On March 13, I wrote about green procurement and commented on Paradigm Group and Harry Brix. Well apparently Mr. Brix has been getting more green manufacturing media play and was cited in a Manufacturing Business Technology article three days ago. He’s quoted as saying that green manufacturing might just be a fad like the 70s and then 90s. However, Nabil Nasr, Ph.D.,The director of the Center for Manufacturing Studies at Rochester Institute of Technology disagrees.

Nasr cites the numbers from a survey which found:

“only 9 percent of respondents prioritized reduction of their carbon footprint in 2007. When asked why, 72 percent of the respondents said they had other priorities to address first, 15 percent said the process is too costly, and 8 percent said they didn’t know how to do it.”

 So that’s what I am going to set out to do. It’s actually what I’ve been doing for the past couple months. Prove that the cost of the process is becoming increasingly easier to implement and can reap even bigger profits; Teach how to find the resources and learn how to make the right moves; And while other priorities may take precedent, the green wave could carry you for years while you address those higher priorities. 

“Green manufacturing cuts across every aspect of manufacturing, including information decisions, process technologies, energy consumption, material selection, and material flow. A lot of the decisions manufacturers make are related to cost, function, and quality. Now they are adding another dimension, which is sustainability.”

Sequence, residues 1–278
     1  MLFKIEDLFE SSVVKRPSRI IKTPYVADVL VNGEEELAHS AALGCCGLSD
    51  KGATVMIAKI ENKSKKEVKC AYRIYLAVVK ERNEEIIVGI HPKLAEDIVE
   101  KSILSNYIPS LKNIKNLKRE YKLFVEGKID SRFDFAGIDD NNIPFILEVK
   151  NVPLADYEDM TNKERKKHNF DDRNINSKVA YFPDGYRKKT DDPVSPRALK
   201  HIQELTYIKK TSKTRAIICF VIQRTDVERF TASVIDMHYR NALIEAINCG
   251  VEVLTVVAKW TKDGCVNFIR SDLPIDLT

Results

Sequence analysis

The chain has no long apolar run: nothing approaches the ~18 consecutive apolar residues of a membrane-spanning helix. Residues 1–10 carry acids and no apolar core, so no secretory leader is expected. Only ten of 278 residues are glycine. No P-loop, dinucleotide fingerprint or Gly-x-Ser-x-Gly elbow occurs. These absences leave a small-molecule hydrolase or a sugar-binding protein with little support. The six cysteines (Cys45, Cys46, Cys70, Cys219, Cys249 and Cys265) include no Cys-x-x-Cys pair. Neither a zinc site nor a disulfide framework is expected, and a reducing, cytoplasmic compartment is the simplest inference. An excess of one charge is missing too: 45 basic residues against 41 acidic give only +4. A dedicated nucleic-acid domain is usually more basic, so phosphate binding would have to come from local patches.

This is just a great quote and sums up green manufacturing very well. Sustainability is where we are headed and its within our reach. Let’s keep driving towards profitable sustinability.

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                    It isn’t usually a good idea to share breakthroughs with the competition but it seems like Henkel, the parent company of Dove Soaps is willing to lean to the side and let other companies look over their shoulder.

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                     By working with the Global Institute of Sustainability (GIS) at Arizona State University, they hope to come up with best practices for greening manufacturing (including coming up with more accurate terms besides the all encompassing adjective “green”). “We are looking to further strengthen our own environmental commitment as well as share our learned knowledge to develop new standards for our industry,” said Brad Casper, President and CEO of the Dial Corp.                

                      OK so maybe you can’t exactly work with the GIS and not share what is discovered but it really is worth it for everyone to know this information.  Henkel will surely benefit from being the company to initiate the project anyways and building a community of thoughts will get the movement going even faster. Plus, I really need them to get going on that coming up with more accurate terms than green thing. Here’s a couple I came up with